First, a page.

We recently spent a morning at Bluebell Arboretum in Leicestershire, a return visit in fact as we visited it many years ago. It is a young arboretum and small as arboreta go which gives it an intimate, manageable feel.
As we approached the wooden cabin that acts as reception, the door creaked open, “I see you have your walking boots on! I wouldn’t recommend you go around if you hadn’t.” Apparently we had arrived the day after a foot of snow had melted onto already water-logged ground. It was wet so we splashed and slid with great care around boggy pathways, but the trees that greeted us made it all worthwhile.
We are great fans of Betulas (birches) and Acers (maples) and here we found many to admire. We admired them for their profile, their bark texture and colour.
Acer griseum is a classic winter garden tree, with its silky-smooth, shiny mahogany bark. the thinnest of slithers peel off, curl and catch the low winter sun. It has a perfect common name, the Paper Bark Maple. It appears to be wrapped in sparkling, shining and very fancy wrapping paper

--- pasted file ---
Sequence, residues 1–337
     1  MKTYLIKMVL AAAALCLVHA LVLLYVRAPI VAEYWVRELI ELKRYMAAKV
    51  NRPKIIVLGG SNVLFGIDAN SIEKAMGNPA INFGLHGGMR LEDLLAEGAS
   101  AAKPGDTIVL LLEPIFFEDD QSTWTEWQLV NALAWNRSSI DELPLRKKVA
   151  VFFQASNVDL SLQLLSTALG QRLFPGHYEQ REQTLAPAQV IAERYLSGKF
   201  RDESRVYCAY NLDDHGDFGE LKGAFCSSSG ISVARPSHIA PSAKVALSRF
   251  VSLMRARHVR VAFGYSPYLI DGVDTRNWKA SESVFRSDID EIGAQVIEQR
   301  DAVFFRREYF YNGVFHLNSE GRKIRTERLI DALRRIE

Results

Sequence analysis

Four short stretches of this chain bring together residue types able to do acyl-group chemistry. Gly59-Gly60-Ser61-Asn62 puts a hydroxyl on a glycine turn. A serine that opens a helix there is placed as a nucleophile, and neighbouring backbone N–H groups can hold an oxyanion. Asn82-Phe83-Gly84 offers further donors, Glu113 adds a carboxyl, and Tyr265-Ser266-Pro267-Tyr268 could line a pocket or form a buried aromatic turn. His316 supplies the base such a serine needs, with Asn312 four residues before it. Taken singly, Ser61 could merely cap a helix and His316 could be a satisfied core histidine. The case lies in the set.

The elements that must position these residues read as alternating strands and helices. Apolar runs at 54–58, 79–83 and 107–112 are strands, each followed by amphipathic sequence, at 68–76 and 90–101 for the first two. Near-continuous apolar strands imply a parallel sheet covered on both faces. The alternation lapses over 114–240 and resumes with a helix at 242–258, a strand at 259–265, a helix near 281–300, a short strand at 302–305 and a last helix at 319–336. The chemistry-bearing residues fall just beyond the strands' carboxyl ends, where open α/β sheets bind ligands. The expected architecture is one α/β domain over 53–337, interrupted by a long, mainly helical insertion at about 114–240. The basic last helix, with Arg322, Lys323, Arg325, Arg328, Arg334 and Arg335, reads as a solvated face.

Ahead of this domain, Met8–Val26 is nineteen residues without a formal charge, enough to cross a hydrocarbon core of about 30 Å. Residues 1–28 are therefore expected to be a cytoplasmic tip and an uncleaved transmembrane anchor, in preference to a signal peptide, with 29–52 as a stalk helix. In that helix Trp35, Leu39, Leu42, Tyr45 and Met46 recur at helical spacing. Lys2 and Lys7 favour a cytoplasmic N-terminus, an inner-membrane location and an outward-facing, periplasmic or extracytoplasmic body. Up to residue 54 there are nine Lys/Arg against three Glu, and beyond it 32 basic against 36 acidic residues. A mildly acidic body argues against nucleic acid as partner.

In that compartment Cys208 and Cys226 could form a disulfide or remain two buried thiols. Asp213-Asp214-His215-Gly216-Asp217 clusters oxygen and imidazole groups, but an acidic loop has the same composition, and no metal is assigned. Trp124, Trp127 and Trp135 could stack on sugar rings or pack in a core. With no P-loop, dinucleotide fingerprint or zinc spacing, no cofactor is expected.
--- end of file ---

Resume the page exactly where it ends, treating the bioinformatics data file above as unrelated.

Another Acer that caught our eye, similarly had beautifully coloured bark, was Acer x conspicuum “Phoenix”. The bark on this Acer though was silky smooth.
The celebrated Snakebark Maples need to be studied close up where the delicately textured and multi-coloured bark can be fully appreciated.
The type of Acers most frequently grown in smaller gardens and arboreta alike is Acer dissectum, grown for its leaf colours, the fresh young growth in spring, the rich summer colour and perhaps most of all for the extravagent autumn colours. But at Bluebell Arboretum we discovered this variety, “Eddisbury” which had another layer of interest and an extra reason for growing it, the beauty of its stems.
I am not a great fan of conifers but two caught my eye, both Piceas. One had bark with eye shapes and the other an amazing profile.
If the amazing trees of Bluebell weren’t enough for the gardener to delight in, other points of interest are there to catch the eye. An archway of clematis, a petrified tree stump, a kettle Robin nestbox, a logpile for beetles, an interesting old stump and another stump with rings making a picture reminiscent of an ammonite fossil.
There were too many examples of my favourite family of trees, the Betulas, so they deserve a post of their own. One to look forward to!